Air Emissions Permitting

Air Emissions Permitting

Woodland Pulp, LLC

2018 (six months)

SME Services: Process review, technology review, permitting

Woodland Pulp LLC owns and operates a semi-integrated, kraft pulp mill in eastern Maine. In 2018, Woodland sought to permit the construction and operation of two new tissue machines and re-permit two existing tissue machines to relax self-imposed licensing restrictions. As a major source of air pollutants, this permitting action resulted in a major modification with significant emission increases of particulate matter (PM), nitrogen oxides (NOx), carbon monoxide (CO), volatile organic compounds (VOC), and greenhouse gases (GHG).


Project Acceleration – Because Maine is in the Ozone Transport Region (OTR), projects that are classified as Major for NOx or VOC require the application of the Lowest Achievable Emission Rate (LAER) and obtaining offsetting emissions. In 2014, the EPA granted Maine a waiver from the NOx LAER and offset requirements; however, mid-project, Woodland learned that the NOx waiver would no longer be valid following the finalization of the EPA’s 2015 Ozone Designations. To avoid LAER and offset requirements for NOx, Woodland needed to receive a final permit before the 2015 standard became effective in August 2018.

VOC Offsets –The Northeast offset credit market is scarce, with offsets for VOC and NOx costing up to $10,000 per ton of pollutant. SME prepared a successful application to certify 185 tons of VOC and NOx credits from the shutdown of a nearby Woodland facility, saving Woodland significant money and time.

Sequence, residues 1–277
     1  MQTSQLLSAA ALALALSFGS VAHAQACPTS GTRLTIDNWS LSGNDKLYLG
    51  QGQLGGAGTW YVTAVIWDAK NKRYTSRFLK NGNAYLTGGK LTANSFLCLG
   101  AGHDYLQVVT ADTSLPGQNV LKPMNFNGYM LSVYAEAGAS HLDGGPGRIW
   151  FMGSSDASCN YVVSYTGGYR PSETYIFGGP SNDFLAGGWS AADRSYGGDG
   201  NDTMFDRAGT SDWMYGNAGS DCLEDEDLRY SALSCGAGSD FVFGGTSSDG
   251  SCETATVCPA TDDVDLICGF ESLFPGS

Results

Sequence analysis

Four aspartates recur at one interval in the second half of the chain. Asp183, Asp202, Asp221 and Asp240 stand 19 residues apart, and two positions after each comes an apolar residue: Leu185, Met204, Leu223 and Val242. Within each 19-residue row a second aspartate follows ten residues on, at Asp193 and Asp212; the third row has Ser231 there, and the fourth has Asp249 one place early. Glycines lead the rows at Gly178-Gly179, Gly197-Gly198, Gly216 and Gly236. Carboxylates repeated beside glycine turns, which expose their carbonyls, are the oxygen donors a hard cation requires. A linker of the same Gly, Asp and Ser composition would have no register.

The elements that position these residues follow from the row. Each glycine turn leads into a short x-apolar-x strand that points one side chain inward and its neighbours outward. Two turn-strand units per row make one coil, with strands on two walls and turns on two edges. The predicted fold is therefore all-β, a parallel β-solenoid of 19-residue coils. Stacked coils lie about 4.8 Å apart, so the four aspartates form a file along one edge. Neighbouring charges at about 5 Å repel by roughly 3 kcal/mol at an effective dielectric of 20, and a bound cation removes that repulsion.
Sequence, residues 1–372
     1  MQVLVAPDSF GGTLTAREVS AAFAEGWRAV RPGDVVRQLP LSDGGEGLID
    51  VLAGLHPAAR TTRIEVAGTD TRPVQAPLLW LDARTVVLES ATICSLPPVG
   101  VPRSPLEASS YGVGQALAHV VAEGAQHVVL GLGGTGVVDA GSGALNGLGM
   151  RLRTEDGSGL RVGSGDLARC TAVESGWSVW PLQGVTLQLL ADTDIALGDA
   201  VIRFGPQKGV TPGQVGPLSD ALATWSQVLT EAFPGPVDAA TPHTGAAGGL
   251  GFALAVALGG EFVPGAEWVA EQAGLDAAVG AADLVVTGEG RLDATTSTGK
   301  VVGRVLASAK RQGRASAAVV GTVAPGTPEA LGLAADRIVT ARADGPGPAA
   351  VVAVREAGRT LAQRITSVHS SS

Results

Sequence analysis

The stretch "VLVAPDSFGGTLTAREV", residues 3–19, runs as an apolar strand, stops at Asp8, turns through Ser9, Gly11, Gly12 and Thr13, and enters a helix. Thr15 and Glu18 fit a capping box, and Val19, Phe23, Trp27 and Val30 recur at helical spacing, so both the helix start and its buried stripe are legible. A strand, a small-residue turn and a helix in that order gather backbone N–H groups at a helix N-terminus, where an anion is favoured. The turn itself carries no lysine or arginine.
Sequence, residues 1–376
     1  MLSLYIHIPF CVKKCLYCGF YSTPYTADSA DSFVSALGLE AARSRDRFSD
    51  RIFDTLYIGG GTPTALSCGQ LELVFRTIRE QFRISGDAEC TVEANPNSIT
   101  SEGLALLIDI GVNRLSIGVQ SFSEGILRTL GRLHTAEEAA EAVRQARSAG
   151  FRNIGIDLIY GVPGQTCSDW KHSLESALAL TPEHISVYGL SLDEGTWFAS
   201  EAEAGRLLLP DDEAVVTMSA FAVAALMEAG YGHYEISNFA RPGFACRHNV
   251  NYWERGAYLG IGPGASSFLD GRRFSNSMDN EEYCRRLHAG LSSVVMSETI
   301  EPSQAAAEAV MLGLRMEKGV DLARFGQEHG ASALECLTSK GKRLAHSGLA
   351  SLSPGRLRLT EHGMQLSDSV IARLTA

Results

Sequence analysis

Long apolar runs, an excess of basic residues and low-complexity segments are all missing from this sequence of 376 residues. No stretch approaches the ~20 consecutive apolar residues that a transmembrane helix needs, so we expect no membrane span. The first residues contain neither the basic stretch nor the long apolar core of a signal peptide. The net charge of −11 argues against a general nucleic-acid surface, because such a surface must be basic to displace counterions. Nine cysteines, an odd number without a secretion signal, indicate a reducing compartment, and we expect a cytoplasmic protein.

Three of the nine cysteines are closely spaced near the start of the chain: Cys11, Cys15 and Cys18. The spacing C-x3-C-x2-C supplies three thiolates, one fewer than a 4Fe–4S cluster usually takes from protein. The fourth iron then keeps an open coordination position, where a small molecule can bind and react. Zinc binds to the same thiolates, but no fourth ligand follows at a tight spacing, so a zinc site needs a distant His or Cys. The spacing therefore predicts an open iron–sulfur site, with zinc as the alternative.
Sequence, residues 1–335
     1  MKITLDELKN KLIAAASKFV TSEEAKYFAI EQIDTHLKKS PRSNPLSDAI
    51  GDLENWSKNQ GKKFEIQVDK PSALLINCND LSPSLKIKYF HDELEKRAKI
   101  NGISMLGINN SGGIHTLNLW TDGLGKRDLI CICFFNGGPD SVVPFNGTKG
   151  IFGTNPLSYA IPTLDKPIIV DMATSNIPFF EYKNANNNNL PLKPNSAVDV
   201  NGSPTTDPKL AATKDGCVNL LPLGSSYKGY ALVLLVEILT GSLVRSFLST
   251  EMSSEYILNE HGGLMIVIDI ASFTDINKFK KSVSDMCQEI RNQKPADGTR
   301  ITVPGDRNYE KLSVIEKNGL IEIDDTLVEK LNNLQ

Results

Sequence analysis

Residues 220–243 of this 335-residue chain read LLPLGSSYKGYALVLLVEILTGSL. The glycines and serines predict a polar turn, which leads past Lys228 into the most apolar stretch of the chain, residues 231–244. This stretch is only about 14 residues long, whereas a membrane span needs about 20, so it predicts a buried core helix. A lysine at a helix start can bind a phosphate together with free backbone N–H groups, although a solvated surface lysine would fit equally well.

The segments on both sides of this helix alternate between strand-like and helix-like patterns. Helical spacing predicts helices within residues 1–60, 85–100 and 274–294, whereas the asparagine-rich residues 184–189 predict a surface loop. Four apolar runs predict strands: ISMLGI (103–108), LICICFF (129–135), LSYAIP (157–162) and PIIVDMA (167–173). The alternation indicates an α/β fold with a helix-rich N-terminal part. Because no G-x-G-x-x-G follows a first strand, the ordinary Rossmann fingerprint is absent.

Emissions Modeling – Applications for major modifications must include an analysis demonstrating that the project will not exceed ambient air quality and increment standards. Woodland last completed mill-wide modeling in 1999, before new and more stringent standards were established for NOx, SO2, and PM2.5 . SME developed emission model inputs and partnered with a local firm to complete the modeling which resulted in Woodland taking on slightly more stringent emission limits for some pulp mill sources.  In addition, because Woodland is located within 50 km of two federally protected lands, the U.S. Fish and Wildlife Service required Woodland to conduct a visual plume impact analysis for one of the areas. The analysis results convinced the National Park Service that additional analyses were not required for the other area, as it is located downwind and farther away.

Project Outcome and Value Added

SME’s excellent relationship with Woodland, project partners, and MEDEP allowed expediting of a very challenging project. The entire permitting process was completed in approximately six months, about half the typical length of time. Approval of the final permit for all four machines was granted in July 2018.